Still, it is very funny, considering that NYC is probably considered the quintessential “Jewish city” of the United States. I would hope Orthodox Jews in other communities would take a close look at their water supplies, because I'm sure this organism (or its like) isn't unique to New York.
posted by Gnatcho at 7:16 AM on June 3, 2004


one thing I don't really get is how rules which were formed at a time when information like this was completely unavailable and even inconceivable, can apply

The rules are constantly interpreted (or if you're cynical, "interpreted") as the times and technologies change.
posted by callmejay at 7:45 AM on June 3, 2004


There's no end to it, really. Electrical circuits are not supposed to be open or closed on shabbat because you're not supposed to "create" or "destroy" anything, as per god's refraining from either on the seventh day after creating the world, etc. Since the creation of light is both the most obvious example of electricity in use, and the first thing that god does, it follows in hassidic-logic that the use of electricity is inherently an act of "creation," and that turning electricity off is an act of "destruction."

Now, if the orthodox powers that be are going to start getting all technical about the microorganisms in the tap water, then maybe they should start considering the fact that, when seen at a small enough level, it is not actually possible to create or destroy matter at all. That should open up a lot of doors.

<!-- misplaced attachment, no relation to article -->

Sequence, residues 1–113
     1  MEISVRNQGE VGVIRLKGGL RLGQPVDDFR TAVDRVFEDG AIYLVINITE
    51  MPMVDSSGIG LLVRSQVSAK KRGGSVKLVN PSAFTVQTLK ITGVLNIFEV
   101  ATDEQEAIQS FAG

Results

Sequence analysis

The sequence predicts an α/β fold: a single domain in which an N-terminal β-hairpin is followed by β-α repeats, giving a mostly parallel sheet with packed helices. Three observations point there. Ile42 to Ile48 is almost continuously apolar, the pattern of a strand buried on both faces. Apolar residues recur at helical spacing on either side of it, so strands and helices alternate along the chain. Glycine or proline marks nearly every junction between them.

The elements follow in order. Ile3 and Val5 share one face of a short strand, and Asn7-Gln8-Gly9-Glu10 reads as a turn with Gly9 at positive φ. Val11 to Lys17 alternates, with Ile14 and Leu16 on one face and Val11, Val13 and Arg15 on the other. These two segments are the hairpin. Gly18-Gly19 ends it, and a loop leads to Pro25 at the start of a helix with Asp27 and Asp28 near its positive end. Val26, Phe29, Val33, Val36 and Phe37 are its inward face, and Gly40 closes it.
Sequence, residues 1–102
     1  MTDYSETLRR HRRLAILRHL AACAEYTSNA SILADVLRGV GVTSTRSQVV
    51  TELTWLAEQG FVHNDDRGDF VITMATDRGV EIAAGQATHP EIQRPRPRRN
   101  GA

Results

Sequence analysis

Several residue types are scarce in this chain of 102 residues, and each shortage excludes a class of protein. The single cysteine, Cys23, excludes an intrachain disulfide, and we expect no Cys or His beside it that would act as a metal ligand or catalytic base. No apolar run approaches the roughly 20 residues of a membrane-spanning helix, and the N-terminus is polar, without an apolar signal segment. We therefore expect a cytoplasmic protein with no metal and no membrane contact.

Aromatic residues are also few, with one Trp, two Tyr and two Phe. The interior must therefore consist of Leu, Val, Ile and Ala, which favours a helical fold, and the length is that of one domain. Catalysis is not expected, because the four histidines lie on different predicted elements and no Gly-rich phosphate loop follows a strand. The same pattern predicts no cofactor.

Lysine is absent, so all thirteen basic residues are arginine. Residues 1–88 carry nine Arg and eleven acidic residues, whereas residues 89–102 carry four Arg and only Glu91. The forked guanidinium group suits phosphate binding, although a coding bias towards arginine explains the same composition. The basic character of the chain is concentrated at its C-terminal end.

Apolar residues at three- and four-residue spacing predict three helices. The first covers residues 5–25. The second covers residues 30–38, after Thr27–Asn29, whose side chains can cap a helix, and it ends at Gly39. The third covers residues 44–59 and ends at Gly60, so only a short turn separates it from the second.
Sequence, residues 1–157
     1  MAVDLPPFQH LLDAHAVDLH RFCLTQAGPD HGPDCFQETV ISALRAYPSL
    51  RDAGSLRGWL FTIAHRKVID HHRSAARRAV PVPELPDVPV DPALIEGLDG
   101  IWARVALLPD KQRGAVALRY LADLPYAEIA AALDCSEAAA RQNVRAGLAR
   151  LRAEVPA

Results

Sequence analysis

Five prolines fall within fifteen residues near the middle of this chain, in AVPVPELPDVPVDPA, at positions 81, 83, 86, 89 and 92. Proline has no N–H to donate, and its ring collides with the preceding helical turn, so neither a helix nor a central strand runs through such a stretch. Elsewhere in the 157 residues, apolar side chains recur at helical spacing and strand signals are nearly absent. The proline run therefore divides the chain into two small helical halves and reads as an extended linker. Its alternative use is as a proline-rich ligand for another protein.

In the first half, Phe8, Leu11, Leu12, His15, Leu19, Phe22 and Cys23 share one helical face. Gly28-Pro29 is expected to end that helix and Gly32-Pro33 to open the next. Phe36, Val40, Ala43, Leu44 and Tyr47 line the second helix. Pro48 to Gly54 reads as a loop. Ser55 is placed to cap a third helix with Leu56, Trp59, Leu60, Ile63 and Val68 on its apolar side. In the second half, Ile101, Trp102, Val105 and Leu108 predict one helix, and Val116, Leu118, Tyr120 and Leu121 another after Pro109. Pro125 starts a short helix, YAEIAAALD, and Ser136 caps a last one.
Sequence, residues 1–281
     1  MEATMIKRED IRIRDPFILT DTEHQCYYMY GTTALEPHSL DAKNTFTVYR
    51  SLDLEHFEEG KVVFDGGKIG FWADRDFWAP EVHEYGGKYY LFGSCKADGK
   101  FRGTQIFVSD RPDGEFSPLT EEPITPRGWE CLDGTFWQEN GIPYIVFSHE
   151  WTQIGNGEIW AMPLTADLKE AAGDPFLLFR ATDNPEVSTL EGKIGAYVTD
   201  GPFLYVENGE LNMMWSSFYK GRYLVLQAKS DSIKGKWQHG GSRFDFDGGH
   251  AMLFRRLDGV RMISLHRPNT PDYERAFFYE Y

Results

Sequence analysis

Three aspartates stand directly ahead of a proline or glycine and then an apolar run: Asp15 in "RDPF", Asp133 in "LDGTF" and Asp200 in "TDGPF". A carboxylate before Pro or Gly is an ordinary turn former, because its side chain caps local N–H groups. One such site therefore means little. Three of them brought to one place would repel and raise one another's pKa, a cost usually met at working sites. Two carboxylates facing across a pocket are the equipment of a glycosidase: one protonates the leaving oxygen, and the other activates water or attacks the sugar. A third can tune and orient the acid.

posted by bingo at 8:31 AM on June 3, 2004


Kashrut laws are affirmative: you can only eat what has fins and scales, etc., so what was "unavailable and even inconceivable," doesn't change. Alien animals that have a hoof and chew their cud? Who knows?!
posted by ParisParamus at 8:57 AM on June 3, 2004


The problem: tiny creatures called copepods, which are crustaceans.

Forget Jewish law, a bigger concern would be for people whom would have an allergic reaction from this, killing them. For some the smell of cooked crustaceans will cause minor breathing problems.
posted by thomcatspike at 4:22 PM on June 3, 2004


Biggest secular question: was this story induced by Brita or Pur?
posted by ParisParamus at 3:41 AM on June 5, 2004